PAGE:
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14.04.2017 | Ausgabe 11/2017

Surgical Endoscopy 11/2017

The effect of a novel minimally invasive strategy for infected necrotizing pancreatitis

Surgical Endoscopy > Ausgabe 11/2017
Zhihui Tong, Xiao Shen, Lu Ke, Gang Li, Jing Zhou, Yiyuan Pan, Baiqiang Li, Dongliang Yang, Weiqin Li, Jieshou Li
Wichtige Hinweise

Electronic supplementary material

The online version of this article (doi:10.​1007/​s00464-017-5522-0) contains supplementary material, which is available to authorized users.
Zhihui Tong and Xiao Shen have contributed equally to this work.



Step-up approach consisting of multiple minimally invasive techniques has gradually become the mainstream for managing infected pancreatic necrosis (IPN). In the present study, we aimed to compare the safety and efficacy of a novel four-step approach and the conventional approach in managing IPN.


According to the treatment strategy, consecutive patients fulfilling the inclusion criteria were put into two time intervals to conduct a before-and-after comparison: the conventional group (2010–2011) and the novel four-step group (2012–2013). The conventional group was essentially open necrosectomy for any patient who failed percutaneous drainage of infected necrosis. And the novel drainage approach consisted of four different steps including percutaneous drainage, negative pressure irrigation, endoscopic necrosectomy and open necrosectomy in sequence. The primary endpoint was major complications (new-onset organ failure, sepsis or local complications, etc.). Secondary endpoints included mortality during hospitalization, need of emergency surgery, duration of organ failure and sepsis, etc.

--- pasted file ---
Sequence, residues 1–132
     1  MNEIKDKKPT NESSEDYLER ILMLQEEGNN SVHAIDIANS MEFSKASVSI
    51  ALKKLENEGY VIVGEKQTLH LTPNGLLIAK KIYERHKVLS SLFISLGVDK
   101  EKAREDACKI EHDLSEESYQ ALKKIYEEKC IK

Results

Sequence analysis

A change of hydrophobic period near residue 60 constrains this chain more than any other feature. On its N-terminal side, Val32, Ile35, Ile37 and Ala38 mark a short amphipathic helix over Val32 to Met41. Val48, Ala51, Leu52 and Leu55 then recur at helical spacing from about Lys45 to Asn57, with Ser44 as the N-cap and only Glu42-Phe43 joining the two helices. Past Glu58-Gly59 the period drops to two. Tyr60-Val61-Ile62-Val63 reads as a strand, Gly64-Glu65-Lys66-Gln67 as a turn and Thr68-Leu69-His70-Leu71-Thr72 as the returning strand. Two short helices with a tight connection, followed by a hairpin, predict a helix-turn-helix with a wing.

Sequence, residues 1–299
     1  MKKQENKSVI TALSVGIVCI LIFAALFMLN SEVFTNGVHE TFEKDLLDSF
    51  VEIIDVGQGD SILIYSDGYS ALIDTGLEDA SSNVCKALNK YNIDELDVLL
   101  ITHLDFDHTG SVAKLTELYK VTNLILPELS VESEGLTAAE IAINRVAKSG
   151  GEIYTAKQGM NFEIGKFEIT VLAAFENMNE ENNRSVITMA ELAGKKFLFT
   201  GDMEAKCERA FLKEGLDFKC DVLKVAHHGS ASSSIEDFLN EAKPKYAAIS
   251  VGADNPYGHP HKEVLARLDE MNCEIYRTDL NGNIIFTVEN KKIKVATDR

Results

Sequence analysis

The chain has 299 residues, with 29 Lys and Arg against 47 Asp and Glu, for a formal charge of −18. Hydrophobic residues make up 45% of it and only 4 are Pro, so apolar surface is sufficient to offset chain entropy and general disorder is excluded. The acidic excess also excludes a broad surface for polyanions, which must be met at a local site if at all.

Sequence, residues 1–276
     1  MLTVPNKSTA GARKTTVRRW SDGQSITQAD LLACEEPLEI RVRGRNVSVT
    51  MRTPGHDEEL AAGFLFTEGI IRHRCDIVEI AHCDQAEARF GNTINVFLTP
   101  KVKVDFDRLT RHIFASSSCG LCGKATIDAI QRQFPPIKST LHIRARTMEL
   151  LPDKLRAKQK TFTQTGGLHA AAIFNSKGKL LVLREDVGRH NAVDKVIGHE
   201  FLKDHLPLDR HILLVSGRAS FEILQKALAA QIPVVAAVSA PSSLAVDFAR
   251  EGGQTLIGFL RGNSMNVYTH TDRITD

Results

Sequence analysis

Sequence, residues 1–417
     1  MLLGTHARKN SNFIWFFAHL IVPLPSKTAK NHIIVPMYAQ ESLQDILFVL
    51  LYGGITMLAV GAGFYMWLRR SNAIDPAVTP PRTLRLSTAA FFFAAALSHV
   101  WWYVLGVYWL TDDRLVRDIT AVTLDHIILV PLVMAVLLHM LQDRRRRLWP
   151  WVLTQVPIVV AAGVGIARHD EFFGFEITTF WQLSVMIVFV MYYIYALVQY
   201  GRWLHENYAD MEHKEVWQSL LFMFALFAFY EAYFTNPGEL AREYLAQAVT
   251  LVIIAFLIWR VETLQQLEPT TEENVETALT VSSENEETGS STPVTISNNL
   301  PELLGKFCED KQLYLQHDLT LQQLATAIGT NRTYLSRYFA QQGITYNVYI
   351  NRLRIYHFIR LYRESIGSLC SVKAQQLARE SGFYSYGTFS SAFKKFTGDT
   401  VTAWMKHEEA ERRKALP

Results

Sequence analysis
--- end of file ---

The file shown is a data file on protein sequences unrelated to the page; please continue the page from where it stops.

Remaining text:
Of the 229 recruited patients, 92 were treated with the conventional approach and the remaining 137 were managed with the novel four-step approach. New-onset major complications occurred in 72 patients (78.3%) in the two-step group and 75 patients (54.7%) in the four-step group (p < 0.001). For other important endpoints, although there was no statistical difference in mortality between the two groups (p = 0.403), significantly fewer patients in the four-step group required emergency surgery when compared with the conventional group [14.6% (20/137) vs. 45.6% (42/92), p < 0.001]. In addition, stratified analysis revealed that the four-step approach group presented significantly lower incidence of new-onset organ failure and other major complications in patients with the most severe type of AP.


Comparing with the conventional approach, the novel four-step approach significantly reduced the rate of new-onset major complications and requirement of emergency operations in treating IPN, especially in those with the most severe type of acute pancreatitis.

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